MAY 15, 2017 06:32 AM PDT

Mapping The Infant Brain to Track Development

How babies develop from a fetus, to a newborn, to a toddling little human is something both scientists and parents watch with fascination. So much depends on how the brain develops, from reaching intellectual and physical milestones to interacting with the environment around them, that the infant brain has become a popular area of study. New research was recently published to give scientists a bank of information and images that perhaps someday will aid in clinical studies and even treatments for some disorders.

A large collection of MRI scans of baby brains was created as part of the Developing Human Connectome Project (dHCP). This project is a collaboration of several teams of researchers from King’s College London, Imperial College London and the University of Oxford. The project will investigate brain development in babies after they are born as well as in utero. The scans will map out brain wiring, growth and function both during pregnancy and as children grow. All the images and data collected are shared online so that researchers from around the world can access it for their own studies.

These are not just any MRI scans either. At Evelina London Children’s Hospital, the scanners are using techniques developed by the dHCP teams to address the particular difficulties of scanning babies. From keeping them still and safe in the large machines that can be loud and scary, to getting images that reveal more detail on the structure of the brain, the task is a daunting one, but one which will continue to benefit research, children and families on a global scale. The hope is that the scans can shed light on disorders like autism and how certain pregnancy complications affect fetal brain development.

Lead Principal Investigator, Professor David Edwards from King’s College London, who is also a Neonatologist Consultant at Evelina London explained, “The Developing Human Connectome Project is a major advance in understanding human brain development - it will provide the first map of how the brain’s connections develop, and how this goes wrong in disease.”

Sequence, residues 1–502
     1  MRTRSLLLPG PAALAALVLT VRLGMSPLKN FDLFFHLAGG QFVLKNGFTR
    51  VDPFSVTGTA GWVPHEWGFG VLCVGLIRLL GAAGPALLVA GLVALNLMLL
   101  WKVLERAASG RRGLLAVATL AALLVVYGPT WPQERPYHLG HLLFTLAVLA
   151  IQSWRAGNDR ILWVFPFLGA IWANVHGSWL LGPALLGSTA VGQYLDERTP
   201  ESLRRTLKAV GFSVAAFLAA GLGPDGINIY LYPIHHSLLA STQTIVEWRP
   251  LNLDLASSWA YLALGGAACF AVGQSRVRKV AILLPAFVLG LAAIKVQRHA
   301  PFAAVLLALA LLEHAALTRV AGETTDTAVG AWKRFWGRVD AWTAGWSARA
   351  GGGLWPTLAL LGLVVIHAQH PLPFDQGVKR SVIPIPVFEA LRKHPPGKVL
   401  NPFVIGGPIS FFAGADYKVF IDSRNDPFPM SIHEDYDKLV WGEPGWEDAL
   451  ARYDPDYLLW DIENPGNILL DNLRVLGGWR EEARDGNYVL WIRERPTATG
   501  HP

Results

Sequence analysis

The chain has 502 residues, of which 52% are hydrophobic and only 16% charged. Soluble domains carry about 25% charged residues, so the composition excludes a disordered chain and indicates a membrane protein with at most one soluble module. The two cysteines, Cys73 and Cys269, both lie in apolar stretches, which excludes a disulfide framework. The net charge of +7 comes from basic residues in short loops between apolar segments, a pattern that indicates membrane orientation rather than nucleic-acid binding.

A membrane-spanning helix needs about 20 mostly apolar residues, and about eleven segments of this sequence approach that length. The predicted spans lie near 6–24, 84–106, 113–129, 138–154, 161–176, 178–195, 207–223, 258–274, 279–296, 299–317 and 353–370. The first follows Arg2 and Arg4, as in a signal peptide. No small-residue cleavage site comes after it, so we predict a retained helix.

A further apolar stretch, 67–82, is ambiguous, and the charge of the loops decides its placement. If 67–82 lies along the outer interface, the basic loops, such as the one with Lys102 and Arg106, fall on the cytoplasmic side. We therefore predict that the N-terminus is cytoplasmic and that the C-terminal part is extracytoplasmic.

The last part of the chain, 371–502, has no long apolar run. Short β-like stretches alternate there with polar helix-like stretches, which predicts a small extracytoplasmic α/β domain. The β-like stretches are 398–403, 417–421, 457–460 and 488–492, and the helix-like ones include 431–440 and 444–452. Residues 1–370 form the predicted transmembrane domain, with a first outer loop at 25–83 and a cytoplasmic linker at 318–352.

The first part of the project was to find a way to get high resolution scans, with more detail than in traditional scans. Professor Jo Hajnal at King’s College led the technology team in developing new methods that show brain structure and wiring at a level not seen before. In diffusion MRI scans, the flow of water through brain tissue was tracked and imaged to show how brain tissue grows and develops. Colleague Professor Daniel Rueckert at Imperial College London was responsible for working computer programs that can take these high-res scans and analyze what is found. Using the data to create 3D models of the brain, researchers could look at cortical surface, create sulcal depth maps, and measure mean curvature and cortical thickness. At the University of Oxford, team lead Professor Steve Smith has developed methods that map the connections in the infant brain, as these connections are a key to proper development.

The research collaboration is funded by a €15 million Synergy Grant from the European Research Council, and one of the goals of the project is to make sure that the data is shared as widely across the world as possible. The preliminary set of images can be downloaded at https://data.developingconnectome.org. The video below has more information, check it out

Sources: King’s College London, Imperial College London, Evelina London 

About the Author
  • I'm a writer living in the Boston area. My interests include cancer research, cardiology and neuroscience. I want to be part of using the Internet and social media to educate professionals and patients in a collaborative environment.
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